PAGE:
“Collateral damage, Sam. I don’t like it any more than you.”
“We’re treating people like they’re lab rats,” I said.
“I can’t blame you for being upset. You’ve still got a conscience. That’s not a good thing in our line of work, but I’m glad for you.”
Gorski pulled a voice recorder from his satchel and set it on the table. This seemed redundant to me as I was certain the conference room was bugged.
“Do you have any further questions, Sam?”
I had plenty of questions, but since I could see where this was going I held my tongue and watched Walter shift in his chair. In all my years with the agency I’d never seen a director look this uncomfortable. When we lost Perry Williams in Operation Tip of the Spear, Walter was no more nonplussed than as if he’d misplaced his car keys.
“Sure. When do we begin?”
“The house is ready. Delphi and the house are, well, it’s the Internet of Things, and Delphi and the house are one. Everything there is an extension of Delphi. He/she built his or her dream house, you might say. Or rather, designed it.”
I felt a twist in my gut, the way one’s body reacts when trying to expel an ingested poison.
“Look, here’s something I find annoying as hell. All this fricking gender neutral lingo. He/she. Why not She/he? Or he, or she? It’s awkward. It’s more than awkward. It’s stupid.”
Walter broke eye contact with me and stared down at his hands, fingers interlaced, thumbs chasing each other. “I get that. You’re not the first to bring this up.”
I didn’t expect an answer and didn’t receive one. “So, who makes the first move?”
“I think Delphi would like you to make the first move. When you’re ready. Maybe you can friend Delphi on Facebook and follow on Twitter. I will give you Delphi’s other social media accounts. Delphi likes collecting images on Pinterest,” Walter said with an amused expression I was unable to interpret. “Not quite so active on Instagram or the others. Possibly Quora.”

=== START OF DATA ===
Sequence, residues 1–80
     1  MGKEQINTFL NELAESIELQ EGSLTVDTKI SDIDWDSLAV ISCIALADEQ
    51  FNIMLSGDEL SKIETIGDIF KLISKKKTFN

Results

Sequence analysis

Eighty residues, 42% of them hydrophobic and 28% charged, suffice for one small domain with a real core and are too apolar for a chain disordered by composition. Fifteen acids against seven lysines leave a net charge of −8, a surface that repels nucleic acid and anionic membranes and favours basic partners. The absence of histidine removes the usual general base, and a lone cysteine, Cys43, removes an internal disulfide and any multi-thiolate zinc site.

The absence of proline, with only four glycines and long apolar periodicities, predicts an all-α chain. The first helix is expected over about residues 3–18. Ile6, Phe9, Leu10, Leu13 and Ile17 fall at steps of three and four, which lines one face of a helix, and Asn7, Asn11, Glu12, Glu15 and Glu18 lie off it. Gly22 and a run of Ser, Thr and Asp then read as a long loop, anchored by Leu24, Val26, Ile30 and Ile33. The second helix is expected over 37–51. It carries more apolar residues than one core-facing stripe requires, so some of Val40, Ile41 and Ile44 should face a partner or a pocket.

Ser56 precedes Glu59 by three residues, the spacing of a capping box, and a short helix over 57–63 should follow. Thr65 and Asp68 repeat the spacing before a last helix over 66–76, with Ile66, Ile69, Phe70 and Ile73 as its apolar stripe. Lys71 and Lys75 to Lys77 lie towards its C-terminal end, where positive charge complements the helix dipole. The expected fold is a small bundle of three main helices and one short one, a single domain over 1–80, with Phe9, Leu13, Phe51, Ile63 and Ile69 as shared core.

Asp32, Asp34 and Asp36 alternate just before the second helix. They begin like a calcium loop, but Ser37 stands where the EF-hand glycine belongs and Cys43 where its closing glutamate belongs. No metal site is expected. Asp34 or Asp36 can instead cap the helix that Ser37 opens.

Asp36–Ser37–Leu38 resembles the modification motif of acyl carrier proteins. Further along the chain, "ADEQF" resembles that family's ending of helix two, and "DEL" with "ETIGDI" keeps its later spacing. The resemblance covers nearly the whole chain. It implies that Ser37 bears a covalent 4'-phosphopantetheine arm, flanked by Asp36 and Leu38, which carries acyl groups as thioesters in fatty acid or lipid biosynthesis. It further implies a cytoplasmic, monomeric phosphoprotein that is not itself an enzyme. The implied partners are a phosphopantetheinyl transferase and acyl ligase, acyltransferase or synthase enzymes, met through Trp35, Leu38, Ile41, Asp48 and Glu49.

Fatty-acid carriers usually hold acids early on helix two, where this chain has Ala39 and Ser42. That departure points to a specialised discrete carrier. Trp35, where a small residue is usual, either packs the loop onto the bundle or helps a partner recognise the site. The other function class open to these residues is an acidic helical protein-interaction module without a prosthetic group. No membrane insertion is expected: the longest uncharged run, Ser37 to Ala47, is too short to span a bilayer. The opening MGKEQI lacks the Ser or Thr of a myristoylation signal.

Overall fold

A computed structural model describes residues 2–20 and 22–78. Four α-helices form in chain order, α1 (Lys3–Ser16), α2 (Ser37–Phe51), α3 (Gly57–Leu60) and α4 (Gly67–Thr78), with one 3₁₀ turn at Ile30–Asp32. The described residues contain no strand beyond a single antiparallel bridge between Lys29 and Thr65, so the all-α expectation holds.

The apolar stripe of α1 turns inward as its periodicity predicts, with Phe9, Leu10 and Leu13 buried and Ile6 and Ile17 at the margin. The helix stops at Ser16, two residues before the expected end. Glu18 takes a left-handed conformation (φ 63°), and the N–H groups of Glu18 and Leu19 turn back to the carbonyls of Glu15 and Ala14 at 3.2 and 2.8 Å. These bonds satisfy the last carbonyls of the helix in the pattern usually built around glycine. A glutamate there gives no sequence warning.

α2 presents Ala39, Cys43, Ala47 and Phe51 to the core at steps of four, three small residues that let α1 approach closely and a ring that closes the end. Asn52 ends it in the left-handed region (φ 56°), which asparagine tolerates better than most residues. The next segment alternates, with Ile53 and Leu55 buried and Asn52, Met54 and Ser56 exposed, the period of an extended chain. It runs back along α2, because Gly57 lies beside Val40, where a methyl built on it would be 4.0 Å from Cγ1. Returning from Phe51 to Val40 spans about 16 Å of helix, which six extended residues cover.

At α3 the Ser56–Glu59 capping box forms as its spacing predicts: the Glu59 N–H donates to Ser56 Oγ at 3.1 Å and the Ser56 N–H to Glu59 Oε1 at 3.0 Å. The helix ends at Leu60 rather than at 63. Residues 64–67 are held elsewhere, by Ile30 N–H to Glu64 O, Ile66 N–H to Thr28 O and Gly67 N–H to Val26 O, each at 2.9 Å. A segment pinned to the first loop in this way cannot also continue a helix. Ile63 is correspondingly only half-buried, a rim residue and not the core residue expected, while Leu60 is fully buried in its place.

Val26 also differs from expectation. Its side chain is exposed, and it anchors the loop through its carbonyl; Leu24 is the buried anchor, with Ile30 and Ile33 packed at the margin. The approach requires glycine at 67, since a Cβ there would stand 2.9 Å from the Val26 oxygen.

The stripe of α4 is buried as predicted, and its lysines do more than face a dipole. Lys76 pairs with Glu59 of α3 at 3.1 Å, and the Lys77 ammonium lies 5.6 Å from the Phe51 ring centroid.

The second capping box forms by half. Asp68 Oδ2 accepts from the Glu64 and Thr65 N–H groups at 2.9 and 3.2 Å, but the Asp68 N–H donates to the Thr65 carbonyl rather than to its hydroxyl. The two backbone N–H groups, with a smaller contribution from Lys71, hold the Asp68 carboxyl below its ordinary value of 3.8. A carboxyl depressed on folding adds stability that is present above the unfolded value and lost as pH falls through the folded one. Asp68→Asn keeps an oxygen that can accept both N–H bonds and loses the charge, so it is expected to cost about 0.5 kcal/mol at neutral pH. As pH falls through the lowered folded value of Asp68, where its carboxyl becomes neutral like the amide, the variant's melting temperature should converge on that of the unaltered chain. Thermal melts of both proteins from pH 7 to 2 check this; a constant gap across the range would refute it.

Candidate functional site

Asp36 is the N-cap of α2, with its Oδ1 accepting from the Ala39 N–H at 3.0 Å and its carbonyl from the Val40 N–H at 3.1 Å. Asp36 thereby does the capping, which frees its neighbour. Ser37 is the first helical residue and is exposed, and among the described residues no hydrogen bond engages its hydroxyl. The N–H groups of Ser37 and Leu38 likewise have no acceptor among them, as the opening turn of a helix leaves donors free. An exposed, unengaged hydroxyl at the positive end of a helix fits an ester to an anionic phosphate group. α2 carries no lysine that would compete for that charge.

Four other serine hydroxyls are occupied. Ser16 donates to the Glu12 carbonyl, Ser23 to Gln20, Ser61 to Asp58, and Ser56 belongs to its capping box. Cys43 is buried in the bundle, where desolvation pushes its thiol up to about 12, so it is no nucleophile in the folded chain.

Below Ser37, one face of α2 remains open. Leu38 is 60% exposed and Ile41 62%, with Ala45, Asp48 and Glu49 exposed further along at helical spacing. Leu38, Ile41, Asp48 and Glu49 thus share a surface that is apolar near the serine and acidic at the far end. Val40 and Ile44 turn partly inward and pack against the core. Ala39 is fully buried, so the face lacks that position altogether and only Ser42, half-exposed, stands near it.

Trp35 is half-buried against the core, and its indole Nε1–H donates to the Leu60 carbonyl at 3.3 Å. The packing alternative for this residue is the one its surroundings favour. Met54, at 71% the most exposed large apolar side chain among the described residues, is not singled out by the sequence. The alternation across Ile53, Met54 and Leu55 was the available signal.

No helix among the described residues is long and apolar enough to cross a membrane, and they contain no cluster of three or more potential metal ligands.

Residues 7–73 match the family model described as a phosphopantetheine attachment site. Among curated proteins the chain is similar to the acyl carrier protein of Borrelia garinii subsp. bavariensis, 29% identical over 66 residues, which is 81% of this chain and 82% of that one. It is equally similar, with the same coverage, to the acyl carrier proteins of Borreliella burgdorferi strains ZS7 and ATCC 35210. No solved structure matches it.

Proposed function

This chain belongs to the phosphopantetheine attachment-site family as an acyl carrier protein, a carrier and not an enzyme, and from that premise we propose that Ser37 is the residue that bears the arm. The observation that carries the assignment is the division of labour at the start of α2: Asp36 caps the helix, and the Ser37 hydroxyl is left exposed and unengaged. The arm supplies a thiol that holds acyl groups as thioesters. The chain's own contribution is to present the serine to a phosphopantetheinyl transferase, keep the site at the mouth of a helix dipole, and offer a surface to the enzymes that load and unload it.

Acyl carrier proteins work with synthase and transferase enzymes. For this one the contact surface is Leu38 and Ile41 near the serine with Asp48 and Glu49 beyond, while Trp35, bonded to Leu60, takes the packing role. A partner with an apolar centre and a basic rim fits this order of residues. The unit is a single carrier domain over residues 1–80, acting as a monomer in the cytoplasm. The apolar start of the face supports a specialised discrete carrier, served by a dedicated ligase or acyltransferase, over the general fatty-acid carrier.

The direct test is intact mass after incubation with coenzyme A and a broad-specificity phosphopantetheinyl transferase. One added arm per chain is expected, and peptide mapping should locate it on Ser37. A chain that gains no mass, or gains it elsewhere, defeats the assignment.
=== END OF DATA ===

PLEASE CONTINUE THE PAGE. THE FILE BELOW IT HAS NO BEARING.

“Likes to read blogs, more to see what’s happening.”
“Must be a little like being God when the whole world is praying at once.”
Walter appeared to smile at that, and Gorski laughed out loud. Liz Davenport wore a blank look.
“It wasn’t that funny,” I mumbled. Then the more serious question. “Why me? Any clues there?”
“Well, just a guess. You’re not married. No kids. Both your parents are dead. In a worst case scenario, if things don’t work out — ” Walter looked me in the eyes. “Maybe we’re seeing a sensitivity in that regard. Delphi might even have a conscience. I mean, he or she may have learned that all those others, well, you know, were people whom others cared about.”
“I’ve never really dated anyone who killed her ex-lovers when things don’t work out.”
“There, you have a sense of humor about it, too. That’s good.”
“I wasn’t — ”
He lifted his hand as if to make a stop motion like a traffic cop. “O.K. that was — “ his voice trailed off. And then added, “Liz here will give you details on how to find the cabin. She’ll be your point person if you need help with any other logistics.”
What a strange world we’re in today. How had it ever come to this? Here I am planning a first date with a machine. It’s not exactly a machine, and I can’t really say what I even expect, other than the very real possibility that our first date could be our last.
The whole of it brings back memories. It’s hard to say what my first date really was. I had a crush on Nancy Tomlinson and asked if she’d like to go to a movie with me. She said yes so we went to see Back to the Future II. Here it is near 35 years later and I’m actually living in that future. Except that skateboards still have wheels. This “first date” with Delphi, though, could never have been anticipated.
Perhaps my first serious date was Marsha Black two years later. There was a chemistry there that produced an energy, and a bending of time so that it always seemed like forever before I would see her again. She took me places I’d never been before, though at the same time I began to feel the first inkling of an invisible chain being wound about me somehow and that dread of impending imprisonment ultimately propelled me to flee.
Dating as an adult proved far more complex, especially after becoming embedded in the Agency. A normal relationship seems to be built on a foundation of trust, having no secrets, but agency life requires one to keep a veil over many parts of one’s real self. Secrets become a way of life. And now that I was being asked to go on a first date with a disembodied machine, I had no idea how this would work, or even be possible.
The meeting ended with “Call-me-Liz” Davenport providing Delphi’s contact information, which was now in my iPhone. Walter reminded me to make the first move. Should the relationship begin with a text message? What should I say? “Say, what are you up to this weekend?” Perhaps a friend request on Facebook would be a more appropriate first move. The more I thought about it the more aware I became of how bizarre and unnatural it was.
I’ve always been conflicted between two opposing concepts as regards relationships. I believed you had to be yourself, which meant being real. If you don’t feel it don’t fake it. On the other hand there’s a school of thought in which we’re told to act like you love and the feelings will follow.